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The Bruges Group spearheaded the intellectual battle to win a vote to leave the European Union and, above all, against the emergence of a centralised EU state.
The Bruges Group spearheaded the intellectual battle to win a vote to leave the European Union and, above all, against the emergence of a centralised EU state.
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The Northern Irish Protocol Must Go Now

Union-Jack-bunting-on-Shankhill-Road

The Acts of Union is the present constitutional foundation of the United Kingdom. As the late Lord Trimble, the unionist architecture of the Belfast Agreement, said: The Acts of Union is the Union.


The Northern Ireland Protocol "subjugates" (in the words of the Court of Appeal) Article VI of the Acts of Union, and therefore it follows that it subjugates the Union.


It should therefore be entirely rejected- in its entirety- by all those who value the constitutional integrity of the United Kingdom of Great Britain and Northern Ireland.


The EU act as if they have some legitimate sovereign claim over Northern Ireland, and obnoxiously offer that they will make the border they demand be imposed down the middle of our country invisible. Just who do these people think they are?


They have, of course, been assisted in their subjugation of Northern Ireland by the abominable behaviour of the Irish Government who have for their own political objectives partnered in the EU in constructing a rather malicious- and dangerous- trope that the Protocol, and thus the subjugation of the Union, is necessary to protect peace.


As leverage on the international plane, the Irish Government has sought to set itself up as the guardian of the Belfast Agreement "in all its parts". However, the method by which the Irish Government has deployed the 1998 Agreement is by holding up an interpretation of its provisions which is purely nationalist.


In circumstances whereby the 1998 Agreement was based on a series of ambiguous compromises, it was always going to the case that different parties to the Agreement would take differing views on what had been agreed. The Irish Government has adopted a purely nationalist interpretation of each provision, and this has caused many in the unionist/loyalist community to view the Belfast Agreement as a nationalist weapon to be deployed for the advancement of the United Ireland objective.


The deployment of the images of IRA bombs, presumably for political leverage, by then Irish Prime Minister Leo Varadkar during the Brexit negotiations has caused lasting and potentially irreparable damage to relationships between this Irish Government and the unionist/loyalist community.


In viewing the Belfast Agreement through the prism of nationalism's interpretation of this text, and in this context tying the 'protection of the Agreement' to the maintenance of 'peace', the message understood by the unionist community is that the price of the absence of republican terrorism is the continued progression of a 'process' which is designed to incrementally dismantle the Union.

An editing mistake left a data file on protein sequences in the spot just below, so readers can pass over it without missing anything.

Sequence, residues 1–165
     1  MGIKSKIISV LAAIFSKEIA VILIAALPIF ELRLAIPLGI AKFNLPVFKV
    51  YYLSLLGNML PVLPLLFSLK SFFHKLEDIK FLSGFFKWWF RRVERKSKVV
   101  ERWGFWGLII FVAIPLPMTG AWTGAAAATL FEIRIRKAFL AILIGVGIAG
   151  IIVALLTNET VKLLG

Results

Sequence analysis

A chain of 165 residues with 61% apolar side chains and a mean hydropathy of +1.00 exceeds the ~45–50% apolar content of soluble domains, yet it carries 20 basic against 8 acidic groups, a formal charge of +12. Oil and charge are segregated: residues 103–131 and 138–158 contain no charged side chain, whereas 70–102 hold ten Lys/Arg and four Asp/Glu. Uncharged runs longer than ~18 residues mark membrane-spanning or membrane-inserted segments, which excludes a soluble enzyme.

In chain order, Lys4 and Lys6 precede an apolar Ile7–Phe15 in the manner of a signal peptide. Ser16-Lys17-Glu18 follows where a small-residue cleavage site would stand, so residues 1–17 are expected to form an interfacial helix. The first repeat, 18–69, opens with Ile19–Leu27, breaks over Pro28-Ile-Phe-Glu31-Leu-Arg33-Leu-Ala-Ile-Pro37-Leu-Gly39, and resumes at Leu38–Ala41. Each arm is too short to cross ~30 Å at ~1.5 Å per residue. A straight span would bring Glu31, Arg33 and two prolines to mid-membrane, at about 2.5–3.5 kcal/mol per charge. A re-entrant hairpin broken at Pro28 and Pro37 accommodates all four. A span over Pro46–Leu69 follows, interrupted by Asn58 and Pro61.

This view has been solidified by the way the Irish Government presented the prospect of so much as CCTV camera on the border between two sovereign territories as a 'threat to peace and the Belfast Agreement', whilst championing the partitioning of the United Kingdom as a 'solution' to the supposed (and bogus) threat to the peace process.


There has yet to be a convincing answer as to why an Irish land border is a threat to peace, but yet an Irish Sea Border dividing the United Kingdom is not such a threat? Two possible explanations are, first, that the Irish Government does not care whether a sea border dividing the United Kingdom threatens peace; secondly, it may be that the Irish Government believe (in line with the nationalist interpretation of the Agreement) that the Belfast Agreement primarily or solely exists to incrementally- via a process of all-Ireland harmonisation- remove Northern Ireland from the United Kingdom and into a United Ireland. This leads to the conclusion that a border in the Irish Sea is consistent with the Belfast Agreement, because the effect of the sea border is to place Northern Ireland into what amounts to an economic United Ireland, and in doing so loosens the union with Great Britain.


In contrast, that flawed belief (flowing from the nationalist interpretation of the Agreement) in turn causes the belief that any friction North-South is a threat to the Agreement and peace, because such friction is (on nationalism's case) inconsistent with the objective of the incremental development of all-Ireland harmonisation along the way to the pre-determined end point of a United Ireland.


The Irish Government will never admit to this thinking, because to do so would be to expose the well-founded suspicions of the unionist/loyalist community as to the weaponisation of the Belfast Agreement, and undermine Ireland on the international stage, that state as a partisan campaigners rather than, in its own self-portrayal as a fair guarantor of the Agreement.


In Strand One (5) (d) of the Belfast Agreement it is made clear that "key decisions" voted on by the Assembly are to be on a cross community basis. This then finds UK domestic law effect via section 42 of the Northern Ireland Act 1998 ('the 1998 Act').